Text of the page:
The most famous of the Soviet psychics was Anatoly Kashpirovsky, who achieved immediate national fame during a televised broadcast of a healing session in October 1989. At the height of his celebrity, the former weightlifter and qualified psychiatrist regularly topped polls of the most popular public figure, easily beating the still-sober Boris Yeltsin into second place. His live appearances at venues from Moscow to Vladivostok saw crowds sobbing and writhing to his command, a mass casting out of demons, Soviet-style. “They idolise me,” Kashpirovsky said of his countrymen at a 1989 joint news conference with a Foreign Ministry spokesperson. “I can reverse what was once thought irreversible. I tap the inner resources of the body.” Clad all in black, his piercing eyes staring into apartments across the Soviet Union, Kashpirovsky “treated” millions every week, his sonorous voice both reassuring and oddly threatening. “For those of you with high blood pressure, your blood pressure will lower…whoever has hip injuries, they will heal…” he droned, his litany of the suffering and the saved a lullaby that plunged the nation into a communal trance.
Kashpirovsky’s great rival was Alan Chumak, a white-haired figure for whom the word eccentric could have been invented. During his morning show, after a brief matter-of-fact introduction, Chumak would silently and slowly, like some Soviet Zen master, move his hands for half an hour or so, “charging” with healing energy the jars and saucepans full of water that his millions of viewers had placed around their apartments. “On Fridays, Chumak will help viewers overcome their allergies,” a helpful announcement for one of his shows stated. “People with stomach problems should tune in later.”
After the Soviet collapse, Russia’s mania for magic continued unabated. Yeltsin was reportedly one of millions captivated by the paranormal. During his eight years in the Kremlin, he gave the green light to a number of bizarre projects, including one that saw state funds pumped into a scheme to “extract energy from stones.” In 1999, the last year of Yeltsin’s reign, Eduard Kruglyakov, a member of the Russian Academy of Sciences, stated that, “there are psychics working in every security agency in the Russian Federation”. In a scathing article in the Novaya Gazeta newspaper, he wrote: “In December 1995, 127 psychics in the pay of the Ministry of Emergency Services spent two weeks searching for a passenger plane that had disappeared off Khabarovsk [in Russia’s Far East]. The wreckage of the plane was only eventually located, and in a matter of hours, when the ministry decided to make use of air defence radar systems.”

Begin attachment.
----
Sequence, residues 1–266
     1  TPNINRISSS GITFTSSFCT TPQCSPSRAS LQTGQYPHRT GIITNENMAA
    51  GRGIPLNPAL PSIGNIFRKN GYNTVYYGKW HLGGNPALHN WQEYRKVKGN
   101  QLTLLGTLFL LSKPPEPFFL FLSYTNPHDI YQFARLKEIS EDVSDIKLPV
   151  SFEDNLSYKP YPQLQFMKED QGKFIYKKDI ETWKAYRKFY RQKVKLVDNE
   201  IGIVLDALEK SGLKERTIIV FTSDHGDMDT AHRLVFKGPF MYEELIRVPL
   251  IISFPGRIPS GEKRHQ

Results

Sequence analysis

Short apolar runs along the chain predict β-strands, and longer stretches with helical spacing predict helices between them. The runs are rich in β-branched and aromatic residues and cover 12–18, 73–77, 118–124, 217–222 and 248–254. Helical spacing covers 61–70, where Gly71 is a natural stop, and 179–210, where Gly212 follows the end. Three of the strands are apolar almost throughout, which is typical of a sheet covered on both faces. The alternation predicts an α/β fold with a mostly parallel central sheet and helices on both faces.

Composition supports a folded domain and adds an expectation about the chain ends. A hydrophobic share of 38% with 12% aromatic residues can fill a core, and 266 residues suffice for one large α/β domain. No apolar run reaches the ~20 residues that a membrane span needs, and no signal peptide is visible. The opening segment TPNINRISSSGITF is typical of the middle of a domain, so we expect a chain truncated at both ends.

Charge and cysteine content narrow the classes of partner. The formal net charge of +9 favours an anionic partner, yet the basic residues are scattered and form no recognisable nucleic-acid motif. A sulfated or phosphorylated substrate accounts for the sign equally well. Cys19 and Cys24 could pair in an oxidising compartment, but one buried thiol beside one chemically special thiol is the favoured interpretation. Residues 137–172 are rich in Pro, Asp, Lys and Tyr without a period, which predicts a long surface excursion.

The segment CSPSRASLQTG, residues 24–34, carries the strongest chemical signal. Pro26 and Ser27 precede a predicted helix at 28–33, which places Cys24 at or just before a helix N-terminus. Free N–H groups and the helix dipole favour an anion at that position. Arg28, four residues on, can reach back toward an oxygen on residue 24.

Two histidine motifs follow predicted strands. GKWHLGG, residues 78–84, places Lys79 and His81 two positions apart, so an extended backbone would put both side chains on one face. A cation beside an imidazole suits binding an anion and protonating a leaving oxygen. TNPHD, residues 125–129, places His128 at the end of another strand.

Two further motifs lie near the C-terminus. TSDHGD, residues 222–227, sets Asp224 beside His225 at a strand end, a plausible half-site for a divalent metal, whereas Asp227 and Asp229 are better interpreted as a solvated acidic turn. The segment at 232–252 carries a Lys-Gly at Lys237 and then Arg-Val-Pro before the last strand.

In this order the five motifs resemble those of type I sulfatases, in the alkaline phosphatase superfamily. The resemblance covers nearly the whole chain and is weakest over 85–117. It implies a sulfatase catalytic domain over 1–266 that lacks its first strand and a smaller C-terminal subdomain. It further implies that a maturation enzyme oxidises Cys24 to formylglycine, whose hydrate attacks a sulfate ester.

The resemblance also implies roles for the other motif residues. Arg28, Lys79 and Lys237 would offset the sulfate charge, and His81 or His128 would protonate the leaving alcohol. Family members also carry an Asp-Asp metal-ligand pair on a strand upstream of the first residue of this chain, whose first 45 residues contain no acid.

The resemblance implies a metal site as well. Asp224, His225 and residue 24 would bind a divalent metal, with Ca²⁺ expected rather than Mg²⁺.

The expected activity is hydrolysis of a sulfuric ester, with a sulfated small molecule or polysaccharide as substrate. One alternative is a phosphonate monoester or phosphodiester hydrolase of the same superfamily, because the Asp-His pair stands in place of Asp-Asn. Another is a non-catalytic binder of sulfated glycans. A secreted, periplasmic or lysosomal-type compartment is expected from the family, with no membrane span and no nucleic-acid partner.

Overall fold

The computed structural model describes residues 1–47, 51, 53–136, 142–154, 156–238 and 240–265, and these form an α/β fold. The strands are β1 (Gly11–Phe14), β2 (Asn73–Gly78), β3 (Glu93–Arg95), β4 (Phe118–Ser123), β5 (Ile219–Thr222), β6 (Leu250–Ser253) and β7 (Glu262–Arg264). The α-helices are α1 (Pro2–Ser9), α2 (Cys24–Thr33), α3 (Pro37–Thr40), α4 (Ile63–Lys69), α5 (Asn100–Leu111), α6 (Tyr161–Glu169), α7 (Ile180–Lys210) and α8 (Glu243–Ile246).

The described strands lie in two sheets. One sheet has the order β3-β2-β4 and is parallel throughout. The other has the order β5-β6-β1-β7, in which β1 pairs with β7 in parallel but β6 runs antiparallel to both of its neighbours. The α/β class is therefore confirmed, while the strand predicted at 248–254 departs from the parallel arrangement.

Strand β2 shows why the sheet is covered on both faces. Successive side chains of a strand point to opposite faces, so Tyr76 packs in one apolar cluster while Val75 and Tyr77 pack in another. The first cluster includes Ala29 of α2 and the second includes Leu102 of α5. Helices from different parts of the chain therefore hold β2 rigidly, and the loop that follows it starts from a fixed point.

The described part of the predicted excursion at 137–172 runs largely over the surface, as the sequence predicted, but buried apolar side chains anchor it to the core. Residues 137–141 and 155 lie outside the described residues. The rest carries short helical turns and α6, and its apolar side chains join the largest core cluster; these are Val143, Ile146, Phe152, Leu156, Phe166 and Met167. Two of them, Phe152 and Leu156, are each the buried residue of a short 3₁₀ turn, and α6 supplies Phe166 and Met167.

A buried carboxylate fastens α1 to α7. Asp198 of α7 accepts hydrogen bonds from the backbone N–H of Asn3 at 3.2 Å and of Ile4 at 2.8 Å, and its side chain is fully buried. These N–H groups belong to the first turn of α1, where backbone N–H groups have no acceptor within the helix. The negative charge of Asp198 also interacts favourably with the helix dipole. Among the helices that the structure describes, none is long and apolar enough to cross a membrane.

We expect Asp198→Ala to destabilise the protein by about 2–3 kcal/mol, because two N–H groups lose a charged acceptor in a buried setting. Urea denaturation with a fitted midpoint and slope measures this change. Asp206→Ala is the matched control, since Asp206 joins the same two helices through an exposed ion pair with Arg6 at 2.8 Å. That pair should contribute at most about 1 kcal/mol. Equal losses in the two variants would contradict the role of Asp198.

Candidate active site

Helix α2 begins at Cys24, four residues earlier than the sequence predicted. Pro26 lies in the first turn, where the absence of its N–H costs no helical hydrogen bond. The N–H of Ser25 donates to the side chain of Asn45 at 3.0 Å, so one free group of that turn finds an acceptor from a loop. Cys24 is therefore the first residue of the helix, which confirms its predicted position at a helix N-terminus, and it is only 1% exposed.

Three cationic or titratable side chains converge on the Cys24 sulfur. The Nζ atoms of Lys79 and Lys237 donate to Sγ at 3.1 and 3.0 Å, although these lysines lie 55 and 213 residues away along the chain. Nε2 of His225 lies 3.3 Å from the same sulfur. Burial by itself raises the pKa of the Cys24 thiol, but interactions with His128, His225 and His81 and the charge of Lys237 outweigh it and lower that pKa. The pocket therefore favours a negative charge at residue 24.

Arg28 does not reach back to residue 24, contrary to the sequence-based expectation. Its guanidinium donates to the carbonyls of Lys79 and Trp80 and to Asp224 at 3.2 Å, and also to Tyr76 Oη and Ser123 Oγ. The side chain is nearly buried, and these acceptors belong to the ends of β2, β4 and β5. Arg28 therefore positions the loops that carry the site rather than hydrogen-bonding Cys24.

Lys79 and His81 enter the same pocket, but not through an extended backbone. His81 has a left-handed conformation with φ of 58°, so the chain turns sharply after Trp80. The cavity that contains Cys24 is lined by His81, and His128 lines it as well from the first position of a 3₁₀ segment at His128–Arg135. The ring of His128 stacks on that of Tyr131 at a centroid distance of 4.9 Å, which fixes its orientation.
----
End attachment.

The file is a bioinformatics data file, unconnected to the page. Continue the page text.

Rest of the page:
“There is very little difference between revolution and magic. Both cause a massive and lasting change to the nature of reality”
This willingness to believe in the supernatural often has tragic results. In 2004, a self-proclaimed psychic healer named Grigory Grabovoi scandalised Russia when he offered to resurrect the victims of the Beslan school siege — for $1,500 a corpse. Out of their minds with grief, a number of bereaved mothers from the traumatised North Caucasus town began to attend Grabovoi’s “resurrection sessions” in Moscow. Conveniently for the Kremlin, Grabovoi’s teachings split the Beslan Mothers grassroots pressure group, which had rattled the authorities with its inconvenient and insistent search for the truth about the siege. (Some experts alleged Russia’s heavy-handed “rescue operation” claimed the lives of 80% of the Beslan siege victims.) Amid allegations that he was a Kremlin plant designed to discredit the Beslan Mothers, Grabovoi announced his intention to run for president. “My first act will be to ban death,” he declared. Nevertheless, in 2006 Grabovoi was arrested and subsequently jailed for 11 years on fraud charges. However, his sentence was cut to eight on appeal, and he served just half that before being released in 2010 to howls of public outrage. His whereabouts are currently unknown.
High-profile “psychics” such as Kashpirovsky, Chumak and Grabovoi are just the most visible signs of a desperate need to believe in the irrational, to hope against hope for otherworldly solutions to very real problems. “The average Russian is completely confused and disorientated by modern life,” said Naritsyn, the expert on Russia’s occult mania. “Where do financial crises come from? What do the laws they pass in parliament mean? Why has my salary been halved? To find his solutions, his truth, he heads to witches and wizards. Maybe they know what is going on and can help him?”
Paul Stonehill, the Soviet-born author of a number of books on Russia and the paranormal, suggested to me in an email that the popularity of “magical services” was rooted in “spiritual void and despair; the need to seek answers and ways to cope in a bleak reality”. A grim outlook, except that perhaps, there was something to it. I thought about the widespread belief in the evil eye. During the Stalin era, millions of Soviet citizens had cast their “evil eyes” on one another, condemning neighbours, workmates, lovers and family members to the Gulag with a word in the right ear. Judging by the evidence, Russians were right to be suspicious of each other. Was a belief in magic an attempt to ward off the worst the country and their countrymen had to offer?
Back in Marina’s office, I asked her if she had an answer. Why did so many people beat their way to her door? “Russia is a country in a constant state of flux,” she said, after considering my question. “Russians always choose the most radical, the most out-of-the-ordinary solution to their problems. These revolutions, these social upheavals we keep experiencing, that’s all a part of this.” After a slight pause, as if the idea had just come to her, she added, “In fact, there is very little difference between revolution and magic. Both cause a massive and lasting change to the nature of reality.” She smiled, and swept back a lock of blonde hair from her face. There were still many questions left unanswered, but one thing was clear, at least. Russia and the occult are inseparable. Even if the exact causes behind the phenomenon could be pinpointed, this would do nothing to break the bond. That I had already come to realise, would require a very powerful spell indeed.
For more on this subject by the same author, read Resurrections for Roubles: Adventures with Modern Russia’s Psychics, Sects and Sorcerers (2014)